The 5-10 years before retirement can be both exciting and stressful. Retiring from a career you’ve spent a lifetime building can be an unexpectedly challenging transition - both financially and personally. The more you can set clear goals in the leadup to your retirement, the more likely you’ll be able to enter this new season of your life seamlessly.
You should think about setting a combination of financial and lifestyle goals. Ideally, you’ve been saving for retirement for the full length of your career. However, there are still a few things you can do to extend the life of your retirement savings and lower your cost of living. Your lifestyle goals will also be a culmination of a lifetime of dreaming about your ideal retirement.
Ready to start setting some clear-cut retirement planning goals? Let’s dive in!
One of the most important financial steps you can take toward an ideal retirement is boosting your savings. Even if you’ve built a sizable nest-egg by the time you’re a decade or less away from your retirement, there are several things you can still do to get a leg up.
For example, individuals age 50 or older are eligible to contribute an additional $6,500 to their workplace retirement account in 2020. Traditional and Roth IRAs allow a catch-up contribution of $1,000 each year once you’re age 50, as well. Setting a goal to take advantage of these contribution limits can help you add a much-needed boost to your retirement savings as you near the corporate finish line.
Many people start to pay off their debt as they approach their retirement. However, they typically focus on the usual suspects - credit cards, auto loans, and other consumer debt. What many people don’t think of is to pay down their mortgage before retiring, as well.
This is actually a lifestyle decision, as many people who enter retirement would like to be virtually debt-free and not worry about their home being at risk. However, if a cash need arises, it may be difficult to refinance a home if your credit score is not stellar and you don’t have other assets that would qualify you. The other side of this is being able to use a reverse mortgage as a source of cash flow.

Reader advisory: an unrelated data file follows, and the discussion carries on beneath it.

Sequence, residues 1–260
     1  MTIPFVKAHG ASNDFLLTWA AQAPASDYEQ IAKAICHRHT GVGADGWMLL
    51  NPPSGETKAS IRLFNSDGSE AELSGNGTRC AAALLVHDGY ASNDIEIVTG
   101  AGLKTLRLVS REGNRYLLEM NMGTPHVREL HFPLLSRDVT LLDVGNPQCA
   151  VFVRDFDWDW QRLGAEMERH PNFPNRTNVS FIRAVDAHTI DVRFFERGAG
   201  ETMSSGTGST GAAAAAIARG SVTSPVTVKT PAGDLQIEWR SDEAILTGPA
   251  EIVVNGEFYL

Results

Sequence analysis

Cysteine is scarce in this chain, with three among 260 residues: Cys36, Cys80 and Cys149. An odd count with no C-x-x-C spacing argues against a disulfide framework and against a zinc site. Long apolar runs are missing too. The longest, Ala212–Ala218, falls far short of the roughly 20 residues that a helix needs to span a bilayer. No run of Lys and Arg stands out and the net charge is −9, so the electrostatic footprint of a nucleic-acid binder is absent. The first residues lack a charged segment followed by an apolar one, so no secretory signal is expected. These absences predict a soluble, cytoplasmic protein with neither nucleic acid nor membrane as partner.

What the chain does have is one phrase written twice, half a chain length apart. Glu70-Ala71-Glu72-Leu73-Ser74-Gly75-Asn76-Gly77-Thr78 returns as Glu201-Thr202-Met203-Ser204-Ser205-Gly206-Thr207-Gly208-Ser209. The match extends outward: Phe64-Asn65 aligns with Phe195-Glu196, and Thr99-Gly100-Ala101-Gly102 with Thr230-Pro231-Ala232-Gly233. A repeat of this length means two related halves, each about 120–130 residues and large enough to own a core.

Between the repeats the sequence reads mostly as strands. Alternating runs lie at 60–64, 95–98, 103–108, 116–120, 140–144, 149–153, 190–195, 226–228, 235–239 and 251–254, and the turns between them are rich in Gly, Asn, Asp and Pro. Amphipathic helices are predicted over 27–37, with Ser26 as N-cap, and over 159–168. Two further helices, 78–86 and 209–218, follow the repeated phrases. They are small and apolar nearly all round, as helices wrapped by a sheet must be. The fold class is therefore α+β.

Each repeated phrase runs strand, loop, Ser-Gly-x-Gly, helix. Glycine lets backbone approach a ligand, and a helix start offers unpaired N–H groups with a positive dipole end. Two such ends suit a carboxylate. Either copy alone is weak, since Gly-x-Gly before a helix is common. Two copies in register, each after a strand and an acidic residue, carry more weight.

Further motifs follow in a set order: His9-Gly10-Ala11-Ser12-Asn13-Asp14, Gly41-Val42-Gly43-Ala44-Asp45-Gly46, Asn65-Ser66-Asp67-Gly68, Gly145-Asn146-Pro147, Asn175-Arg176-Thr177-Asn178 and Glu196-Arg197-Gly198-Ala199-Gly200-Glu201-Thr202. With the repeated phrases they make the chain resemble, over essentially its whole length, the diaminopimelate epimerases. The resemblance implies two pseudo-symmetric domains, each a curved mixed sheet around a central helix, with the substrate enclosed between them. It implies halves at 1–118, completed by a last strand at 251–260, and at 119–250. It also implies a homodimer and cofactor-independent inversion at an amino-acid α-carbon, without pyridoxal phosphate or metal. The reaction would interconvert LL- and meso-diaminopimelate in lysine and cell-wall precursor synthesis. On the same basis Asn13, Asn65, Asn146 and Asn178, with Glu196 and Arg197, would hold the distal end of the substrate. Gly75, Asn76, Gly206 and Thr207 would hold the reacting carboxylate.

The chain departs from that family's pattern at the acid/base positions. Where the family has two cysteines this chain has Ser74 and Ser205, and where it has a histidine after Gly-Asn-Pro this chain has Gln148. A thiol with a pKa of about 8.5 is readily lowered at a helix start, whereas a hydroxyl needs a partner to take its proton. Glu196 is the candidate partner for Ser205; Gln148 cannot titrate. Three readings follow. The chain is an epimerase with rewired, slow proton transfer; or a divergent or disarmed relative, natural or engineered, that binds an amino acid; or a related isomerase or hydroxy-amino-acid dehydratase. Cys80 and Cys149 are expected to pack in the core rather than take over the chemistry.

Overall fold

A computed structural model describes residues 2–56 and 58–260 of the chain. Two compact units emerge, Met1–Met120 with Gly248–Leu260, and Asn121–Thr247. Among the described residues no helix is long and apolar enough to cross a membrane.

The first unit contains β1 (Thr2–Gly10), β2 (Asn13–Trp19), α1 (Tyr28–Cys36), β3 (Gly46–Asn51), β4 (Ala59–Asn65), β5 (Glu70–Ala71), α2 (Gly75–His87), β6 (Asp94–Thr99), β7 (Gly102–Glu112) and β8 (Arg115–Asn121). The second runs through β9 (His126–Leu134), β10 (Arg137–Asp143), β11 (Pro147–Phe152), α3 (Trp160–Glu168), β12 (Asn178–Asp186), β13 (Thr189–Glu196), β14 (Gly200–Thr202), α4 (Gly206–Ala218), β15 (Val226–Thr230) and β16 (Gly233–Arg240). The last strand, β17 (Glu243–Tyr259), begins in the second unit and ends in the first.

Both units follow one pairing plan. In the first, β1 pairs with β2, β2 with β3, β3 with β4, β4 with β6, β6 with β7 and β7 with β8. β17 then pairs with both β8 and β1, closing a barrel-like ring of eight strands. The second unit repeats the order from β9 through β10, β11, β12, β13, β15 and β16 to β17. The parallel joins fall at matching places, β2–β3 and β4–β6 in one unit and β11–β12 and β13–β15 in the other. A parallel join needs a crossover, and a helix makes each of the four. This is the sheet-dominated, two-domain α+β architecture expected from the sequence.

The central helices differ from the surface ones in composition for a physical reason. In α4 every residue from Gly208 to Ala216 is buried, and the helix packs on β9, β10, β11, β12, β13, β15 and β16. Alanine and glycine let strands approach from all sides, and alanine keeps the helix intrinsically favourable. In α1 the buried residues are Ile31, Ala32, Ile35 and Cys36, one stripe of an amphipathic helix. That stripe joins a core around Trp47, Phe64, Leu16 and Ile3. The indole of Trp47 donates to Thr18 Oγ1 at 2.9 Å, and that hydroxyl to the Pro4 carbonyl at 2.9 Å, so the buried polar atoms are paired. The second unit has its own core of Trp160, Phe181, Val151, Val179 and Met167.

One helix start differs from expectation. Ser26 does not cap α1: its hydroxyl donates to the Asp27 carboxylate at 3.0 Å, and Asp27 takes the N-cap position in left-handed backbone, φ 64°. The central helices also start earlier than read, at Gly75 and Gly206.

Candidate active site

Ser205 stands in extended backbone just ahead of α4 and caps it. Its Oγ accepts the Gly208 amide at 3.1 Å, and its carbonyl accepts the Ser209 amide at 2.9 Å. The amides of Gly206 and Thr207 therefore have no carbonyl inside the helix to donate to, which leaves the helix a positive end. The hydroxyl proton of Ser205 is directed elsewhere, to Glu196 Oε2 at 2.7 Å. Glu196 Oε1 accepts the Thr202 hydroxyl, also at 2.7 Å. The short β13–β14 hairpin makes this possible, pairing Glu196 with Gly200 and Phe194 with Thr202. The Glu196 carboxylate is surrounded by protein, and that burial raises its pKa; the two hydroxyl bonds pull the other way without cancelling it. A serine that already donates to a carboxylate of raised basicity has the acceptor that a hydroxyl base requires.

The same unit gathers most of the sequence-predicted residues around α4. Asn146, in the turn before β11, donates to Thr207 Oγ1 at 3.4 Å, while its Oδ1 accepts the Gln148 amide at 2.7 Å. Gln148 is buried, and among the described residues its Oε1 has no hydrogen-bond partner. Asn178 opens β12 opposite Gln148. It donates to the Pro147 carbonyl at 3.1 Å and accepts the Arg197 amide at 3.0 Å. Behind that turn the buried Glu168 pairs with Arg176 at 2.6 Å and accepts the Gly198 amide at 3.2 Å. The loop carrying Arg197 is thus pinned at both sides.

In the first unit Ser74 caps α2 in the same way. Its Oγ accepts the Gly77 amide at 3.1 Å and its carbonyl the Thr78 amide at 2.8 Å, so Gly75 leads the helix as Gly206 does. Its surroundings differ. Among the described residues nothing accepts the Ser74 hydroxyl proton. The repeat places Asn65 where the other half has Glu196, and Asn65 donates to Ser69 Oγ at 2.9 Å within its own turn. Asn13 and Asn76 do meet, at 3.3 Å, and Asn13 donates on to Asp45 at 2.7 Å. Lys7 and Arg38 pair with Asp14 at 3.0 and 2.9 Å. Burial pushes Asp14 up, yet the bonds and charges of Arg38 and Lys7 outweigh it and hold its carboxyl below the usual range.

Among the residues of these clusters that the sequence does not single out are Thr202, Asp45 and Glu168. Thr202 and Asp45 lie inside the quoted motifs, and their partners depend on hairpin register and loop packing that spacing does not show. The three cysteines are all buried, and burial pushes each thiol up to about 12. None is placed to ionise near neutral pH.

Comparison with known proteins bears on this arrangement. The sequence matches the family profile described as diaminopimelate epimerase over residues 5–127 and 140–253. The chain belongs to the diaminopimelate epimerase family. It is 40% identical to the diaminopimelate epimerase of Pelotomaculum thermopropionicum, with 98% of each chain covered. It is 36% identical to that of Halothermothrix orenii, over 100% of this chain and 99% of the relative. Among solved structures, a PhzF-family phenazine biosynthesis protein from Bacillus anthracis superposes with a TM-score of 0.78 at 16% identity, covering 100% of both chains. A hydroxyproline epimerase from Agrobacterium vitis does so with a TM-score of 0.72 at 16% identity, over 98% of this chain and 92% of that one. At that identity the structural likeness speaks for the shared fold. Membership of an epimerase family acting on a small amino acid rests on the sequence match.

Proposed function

Although paying off your mortgage can be challenging, freeing up the cash flow you use to pay your monthly bill can create more wiggle-room in your budget when you retire. Those funds can be used to support your long-term dreams of travel, or leaving a legacy that you can pass on to your kids and grandkids. The fewer debt payments you carry into retirement, the more likely you are to fund a lifestyle you love during this next chapter.
Have you ever thought about what you want your retirement to look like? Now is the time to make those dreams a reality. By setting clear lifestyle goals for yourself, you’ll be better able to budget for the expenses that matter most to you. Some examples of lifestyle goals might be:
Once you have a few goals set, you can break them into smaller, more actionable tasks and events. For example, traveling around the world is a fantastic lifestyle goal. However, unless you have a clear plan for different types of travel you’re excited to pursue, you may struggle to budget for your trips and they may or may not come to fruition.
Additionally, having more actionable goals can help you to get excited about the retirement transition. Not having a lifestyle plan often leads to depression in retirement, which is why it’s so important to think ahead.
These are just three ideas to get you started as you close in on retirement. Have questions? Schedule a call with us today! We’re here to help guide you through this exciting season.
Wood Smith Advisors, a woman-owned Registered Investment Advisor (RIA), is a fee-only financial services firm that partners with its clients to simplify their financial lives. We focus on women, entrepreneurs, and individuals with complex financial situations, providing objective and competent advice, education and services to help them develop and build their businesses and reach their financial goals. We can be reached by clicking here.
"Finance Made Simple" blog posts are intended for educational purposes and not for specific advice. Each person’s situation is different. Consult your financial advisor for advice relating to topics discussed.